The Timber we use

We are passionate about the beautiful hardwood forests that occur naturally in the in the deep and ancient sands of the Kalahari veldt of Western Zimbabwe. Responsibility for the preservation of these forests has rested with the Forestry Commission since 1908. By purchasing our timber from the Forestry Commission we help fund them to preserve these forests, a win-win solution.

Principally we use Zambezi Teak (formerly known as Rhodesian Teak). One of the advantages of harvesting Zambezi Teak is that it copses when a trunk is harvested – meaning that multiple new trunks will grow up from the well-established root system to replace the trunk removed. The best way of ensuring propagation of a healthy forest is to thin these smaller trunks out after a few years. When harvesting the forests are divided up into coups (about four hectares each). Only a limited number of trees are harvested from each coup, and each coup is re harvested every 30 years. There are well over 2 million hectares of Teak forest in the west of Zimbabwe, so only a small fraction is harvested.

Every piece of natural timber has its own character and foibles. No two pieces are ever the same, and these differences and characteristics give the timbers their great charm. We select each piece used to ensure these naturally occurring characteristics in no way compromise the structural integrity of the products we make.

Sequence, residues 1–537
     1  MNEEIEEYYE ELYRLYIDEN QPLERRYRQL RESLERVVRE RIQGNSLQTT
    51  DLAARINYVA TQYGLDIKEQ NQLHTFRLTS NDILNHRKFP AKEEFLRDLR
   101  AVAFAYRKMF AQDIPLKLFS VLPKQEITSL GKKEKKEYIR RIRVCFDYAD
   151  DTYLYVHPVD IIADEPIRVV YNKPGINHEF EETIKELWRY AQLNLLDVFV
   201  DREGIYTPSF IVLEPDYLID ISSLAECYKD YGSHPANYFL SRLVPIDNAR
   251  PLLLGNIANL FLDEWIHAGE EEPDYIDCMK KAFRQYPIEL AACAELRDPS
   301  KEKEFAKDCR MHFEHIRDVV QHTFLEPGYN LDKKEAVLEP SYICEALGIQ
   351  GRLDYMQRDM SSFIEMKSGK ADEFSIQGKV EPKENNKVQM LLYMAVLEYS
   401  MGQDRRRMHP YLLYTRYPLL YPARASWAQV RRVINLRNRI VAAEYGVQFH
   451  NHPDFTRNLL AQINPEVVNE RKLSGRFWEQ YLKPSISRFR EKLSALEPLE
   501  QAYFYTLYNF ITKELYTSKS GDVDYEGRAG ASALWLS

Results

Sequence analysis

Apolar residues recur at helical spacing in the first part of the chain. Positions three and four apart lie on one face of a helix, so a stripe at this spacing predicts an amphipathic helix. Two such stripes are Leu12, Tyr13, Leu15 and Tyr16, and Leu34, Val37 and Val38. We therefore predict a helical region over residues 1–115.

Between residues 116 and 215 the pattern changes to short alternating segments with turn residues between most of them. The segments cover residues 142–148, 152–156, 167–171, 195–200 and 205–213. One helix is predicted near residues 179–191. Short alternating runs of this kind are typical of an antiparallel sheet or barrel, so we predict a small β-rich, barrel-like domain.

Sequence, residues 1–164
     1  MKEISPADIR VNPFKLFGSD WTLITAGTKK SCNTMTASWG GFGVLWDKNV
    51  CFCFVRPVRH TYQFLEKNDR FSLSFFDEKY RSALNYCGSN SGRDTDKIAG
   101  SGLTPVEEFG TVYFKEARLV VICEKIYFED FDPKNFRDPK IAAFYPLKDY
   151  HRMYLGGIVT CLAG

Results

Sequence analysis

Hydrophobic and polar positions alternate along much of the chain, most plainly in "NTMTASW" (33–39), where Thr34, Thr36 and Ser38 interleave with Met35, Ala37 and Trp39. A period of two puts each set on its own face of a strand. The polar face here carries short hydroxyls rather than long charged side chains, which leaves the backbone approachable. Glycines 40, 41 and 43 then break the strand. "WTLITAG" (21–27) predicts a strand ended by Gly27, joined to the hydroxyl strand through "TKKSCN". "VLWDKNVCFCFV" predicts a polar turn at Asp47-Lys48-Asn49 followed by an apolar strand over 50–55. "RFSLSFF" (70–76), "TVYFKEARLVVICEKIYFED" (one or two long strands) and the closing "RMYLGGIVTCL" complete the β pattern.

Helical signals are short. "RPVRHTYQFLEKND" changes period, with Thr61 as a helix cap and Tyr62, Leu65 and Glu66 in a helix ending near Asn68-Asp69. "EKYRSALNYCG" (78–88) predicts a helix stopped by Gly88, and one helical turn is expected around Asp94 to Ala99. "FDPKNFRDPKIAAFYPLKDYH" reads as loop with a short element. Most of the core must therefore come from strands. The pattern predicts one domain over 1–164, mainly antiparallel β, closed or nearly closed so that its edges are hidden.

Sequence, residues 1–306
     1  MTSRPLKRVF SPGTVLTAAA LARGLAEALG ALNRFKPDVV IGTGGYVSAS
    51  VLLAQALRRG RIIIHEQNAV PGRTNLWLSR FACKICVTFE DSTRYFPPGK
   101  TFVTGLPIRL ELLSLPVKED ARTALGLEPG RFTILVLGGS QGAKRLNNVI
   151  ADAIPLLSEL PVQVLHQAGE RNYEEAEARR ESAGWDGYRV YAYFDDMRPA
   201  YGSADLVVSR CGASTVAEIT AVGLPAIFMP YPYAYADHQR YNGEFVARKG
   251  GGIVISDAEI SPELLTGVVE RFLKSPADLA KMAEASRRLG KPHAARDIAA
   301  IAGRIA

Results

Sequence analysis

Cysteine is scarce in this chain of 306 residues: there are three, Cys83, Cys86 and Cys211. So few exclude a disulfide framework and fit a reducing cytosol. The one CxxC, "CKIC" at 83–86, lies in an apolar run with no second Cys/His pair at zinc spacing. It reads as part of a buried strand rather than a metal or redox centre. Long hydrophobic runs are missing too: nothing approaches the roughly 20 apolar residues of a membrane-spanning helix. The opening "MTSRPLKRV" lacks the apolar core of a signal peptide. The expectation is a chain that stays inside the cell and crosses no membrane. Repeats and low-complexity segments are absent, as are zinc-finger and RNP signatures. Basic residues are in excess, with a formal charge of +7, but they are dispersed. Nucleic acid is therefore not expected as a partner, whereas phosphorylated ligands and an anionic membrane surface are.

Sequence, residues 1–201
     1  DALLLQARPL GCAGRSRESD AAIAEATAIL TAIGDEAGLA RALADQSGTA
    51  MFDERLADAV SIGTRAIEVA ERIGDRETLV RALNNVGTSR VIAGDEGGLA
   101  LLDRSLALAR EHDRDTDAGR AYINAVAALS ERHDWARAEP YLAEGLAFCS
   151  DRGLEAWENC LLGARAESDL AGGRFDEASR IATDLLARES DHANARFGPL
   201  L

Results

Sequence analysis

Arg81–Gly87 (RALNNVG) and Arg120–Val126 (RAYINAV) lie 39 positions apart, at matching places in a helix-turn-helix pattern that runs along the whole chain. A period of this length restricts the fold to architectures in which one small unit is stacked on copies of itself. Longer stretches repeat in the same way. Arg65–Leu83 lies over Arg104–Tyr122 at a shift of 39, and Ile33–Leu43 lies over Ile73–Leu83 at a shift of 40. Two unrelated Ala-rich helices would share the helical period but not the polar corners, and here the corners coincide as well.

We also source eucalyptus saligna (blue gum) from old growth plantations in the Eastern highlands of Zimbabwe that are being felled to make way for new plantations.

We do justice to this magnificent timber by turning it into superbly constructed and beautiful products.

Zambezi Teak is undoubtedly one of the finest hardwoods in the world, with its finely whorled grain and rich varied colouration. In 1952 a worldwide enquiry was instituted to find the most suitable material for making the floors of the London Corn Exchange.  It had to be of particular hardness and durability because of the heavy use to which it would be put and the damaging effect of the corn kernels ground underfoot.  After much deliberation and a series of stringent tests, a decision was reached to make the floors out of Rhodesian Teak. It was quite simply the most suitable timber in the world for this purpose.

Bloodwood - Laquer

Teak - Laquer

Teak - Oil

Bloodwood - Oil

Saligna - Oil